Whether you are driving a car with a push-button starter or key start, if the engine cranks but does not start, there can be several reasons causing the problem. If the check engine light is on, have the error code read to determine what the issue is. Faulty camshaft position sensors, clogged fuel filters, failed fuel pumps, and other issues can cause a car to not start.
Avoid cranking your car for too long. You may drain the battery or cause the starter motor to overheat, leading to further problems. Check these conditions and eliminate those that do not have an impact on the engine start.
#8 Control unit gets blocked
In some cars, the ECU may trigger the engine to go into limp mode, which limits the speed that the vehicle can be accelerated to. This mode is meant to protect the motor and the components until repairs can be made. Your mechanic will check the error codes reported by the ECU and take appropriate corrective action.
The sensor may have failed or been operating intermittently due to poor electrical connections that have become corroded or damaged by wear and tear.
#9 Mechanical Problem
The car may be jerking, accelerating slowly, or in limp mode due to a failed camshaft sensor. There may be a mechanical problem at first due to the erratic nature of the motor and transmission operation. However, it is due to incorrect fuel injection and/or poor spark timing.
The ECU is unable to manage these functions if it is not receiving accurate information regarding the camshaft position. The dashboard light may also be illuminated. Have a mechanic check the error codes to diagnose the cause and make repairs as required.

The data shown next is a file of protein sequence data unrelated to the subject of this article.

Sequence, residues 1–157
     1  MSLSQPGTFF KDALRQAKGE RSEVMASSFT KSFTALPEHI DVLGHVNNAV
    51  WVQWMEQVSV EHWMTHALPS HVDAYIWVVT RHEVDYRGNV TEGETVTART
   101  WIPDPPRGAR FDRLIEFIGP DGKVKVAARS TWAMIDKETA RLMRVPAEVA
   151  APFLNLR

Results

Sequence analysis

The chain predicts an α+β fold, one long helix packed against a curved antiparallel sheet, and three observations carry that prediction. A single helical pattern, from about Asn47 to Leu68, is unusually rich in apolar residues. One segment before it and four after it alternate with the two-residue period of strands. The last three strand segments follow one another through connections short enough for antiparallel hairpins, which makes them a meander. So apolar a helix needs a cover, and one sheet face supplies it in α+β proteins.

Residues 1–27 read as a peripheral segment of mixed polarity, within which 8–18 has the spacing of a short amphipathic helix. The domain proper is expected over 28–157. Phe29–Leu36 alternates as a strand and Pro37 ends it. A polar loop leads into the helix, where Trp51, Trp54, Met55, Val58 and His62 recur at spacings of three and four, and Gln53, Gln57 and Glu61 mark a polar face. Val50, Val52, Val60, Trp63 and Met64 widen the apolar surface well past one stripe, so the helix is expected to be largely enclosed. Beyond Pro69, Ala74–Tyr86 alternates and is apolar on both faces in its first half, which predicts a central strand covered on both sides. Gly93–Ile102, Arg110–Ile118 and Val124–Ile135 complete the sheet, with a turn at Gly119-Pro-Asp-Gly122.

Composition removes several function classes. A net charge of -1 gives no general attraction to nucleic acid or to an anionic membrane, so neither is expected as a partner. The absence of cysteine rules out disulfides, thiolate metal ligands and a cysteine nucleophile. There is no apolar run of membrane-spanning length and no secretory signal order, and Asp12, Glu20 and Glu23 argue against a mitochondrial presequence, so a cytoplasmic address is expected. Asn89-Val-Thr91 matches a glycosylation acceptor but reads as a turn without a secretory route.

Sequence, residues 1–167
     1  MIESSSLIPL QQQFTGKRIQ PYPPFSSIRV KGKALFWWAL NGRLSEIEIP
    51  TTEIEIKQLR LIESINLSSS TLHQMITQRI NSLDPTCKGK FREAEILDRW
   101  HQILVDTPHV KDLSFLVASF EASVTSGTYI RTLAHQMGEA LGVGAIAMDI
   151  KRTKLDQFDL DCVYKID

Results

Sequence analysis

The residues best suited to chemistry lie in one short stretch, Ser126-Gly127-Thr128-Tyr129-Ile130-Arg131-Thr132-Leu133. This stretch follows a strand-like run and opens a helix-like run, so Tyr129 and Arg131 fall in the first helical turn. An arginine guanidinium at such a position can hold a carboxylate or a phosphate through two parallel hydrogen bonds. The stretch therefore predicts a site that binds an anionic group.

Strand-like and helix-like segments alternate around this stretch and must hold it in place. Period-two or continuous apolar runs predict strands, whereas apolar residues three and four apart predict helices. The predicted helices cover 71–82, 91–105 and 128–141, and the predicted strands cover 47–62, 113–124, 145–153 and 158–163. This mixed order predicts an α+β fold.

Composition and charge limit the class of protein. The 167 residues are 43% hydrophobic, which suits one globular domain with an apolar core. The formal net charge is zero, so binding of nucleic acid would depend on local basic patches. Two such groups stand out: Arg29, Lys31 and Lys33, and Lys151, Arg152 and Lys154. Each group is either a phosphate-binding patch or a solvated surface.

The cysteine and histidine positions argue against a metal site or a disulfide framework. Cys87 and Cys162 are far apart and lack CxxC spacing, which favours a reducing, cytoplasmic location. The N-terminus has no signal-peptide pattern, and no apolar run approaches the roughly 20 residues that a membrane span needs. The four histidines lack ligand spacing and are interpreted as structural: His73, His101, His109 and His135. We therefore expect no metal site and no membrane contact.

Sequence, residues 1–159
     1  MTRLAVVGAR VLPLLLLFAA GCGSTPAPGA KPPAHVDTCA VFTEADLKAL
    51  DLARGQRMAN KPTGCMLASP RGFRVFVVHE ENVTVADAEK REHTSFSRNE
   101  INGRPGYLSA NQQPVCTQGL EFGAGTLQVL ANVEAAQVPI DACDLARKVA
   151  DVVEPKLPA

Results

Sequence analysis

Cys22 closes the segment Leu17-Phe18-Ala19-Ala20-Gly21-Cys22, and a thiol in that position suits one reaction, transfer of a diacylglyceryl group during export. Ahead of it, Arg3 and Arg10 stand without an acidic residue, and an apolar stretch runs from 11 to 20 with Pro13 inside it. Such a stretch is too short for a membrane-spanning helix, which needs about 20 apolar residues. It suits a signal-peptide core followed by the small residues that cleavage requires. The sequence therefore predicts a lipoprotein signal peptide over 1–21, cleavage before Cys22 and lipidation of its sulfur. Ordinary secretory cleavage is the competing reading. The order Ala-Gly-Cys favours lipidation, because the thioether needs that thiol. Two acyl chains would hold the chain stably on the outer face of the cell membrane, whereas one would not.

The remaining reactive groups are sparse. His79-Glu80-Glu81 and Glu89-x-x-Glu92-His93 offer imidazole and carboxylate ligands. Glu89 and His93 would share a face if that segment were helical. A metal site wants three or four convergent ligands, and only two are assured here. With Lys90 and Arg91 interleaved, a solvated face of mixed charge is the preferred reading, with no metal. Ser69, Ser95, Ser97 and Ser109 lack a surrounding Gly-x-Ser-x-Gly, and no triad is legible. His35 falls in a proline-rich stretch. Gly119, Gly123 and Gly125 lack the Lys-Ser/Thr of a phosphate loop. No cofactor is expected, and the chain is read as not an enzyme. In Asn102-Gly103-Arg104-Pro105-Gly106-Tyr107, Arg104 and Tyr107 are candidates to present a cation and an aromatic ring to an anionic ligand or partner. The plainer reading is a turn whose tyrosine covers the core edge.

#10 Internal short circuits
Occasionally water and oil may penetrate the device. In extreme environments, the wiring harness connecting the camshaft position sensor to the ECU may also corrode, or there is a poor connection. Either way, the ECU is not receiving the information needed to control fuel injection and spark delivery to ignite the mixture at the correct time.
Check the error codes reported by the ECU. Inspect the connections and replace the camshaft position sensor if the unit appears damaged or corroded in any way.
Camshaft Position Sensor vs. Crankshaft Position Sensor
The camshaft position sensor monitors the position of the camshaft and reports this information to the car’s computer system (ECU). The crankshaft position sensors are used to detect the position of the pistons and the crankshaft.
More so, they are both electronic sensors or devices and deliver the signal with the information concerning the positioning of either the camshaft or the crankshaft to the Vehicle’s Engine Control Module or ECU.
The camshaft sensor is used to manage the timing of the fuel injection and the generation of sparks to run the motor. It is located near the camshaft. Engines may have up to four sensors. They usually get damaged due to wear and tear and water damage.
Plus, the crankshaft position sensor manages ignition timing. The crankshaft sensor is located near the crankshaft, and each engine usually has two sensors.
Most sensors last the lifetime of the vehicle. However, they do become unusable and require replacement to return your vehicle’s engine to normal. Also, they can fail because of overheating or electrical problems.
Without the information provided by these sensors, the engine cannot run and provide the power needed to accelerate. The ECU must have these data inputs to function properly and control the operation of your motor and its components.
Camshaft Position Sensor Replacement Cost
A car driven in a normal manner, avoiding extreme conditions, and well maintained should find that the sensor will last the lifetime of the vehicle. These are electrical devices that occasionally fail due to water damage and overheating of the engine and components.
Car owners should make arrangements to have the car issues diagnosed, and replacement of the sensor before more serious issues develop caused by the defective camshaft position sensor.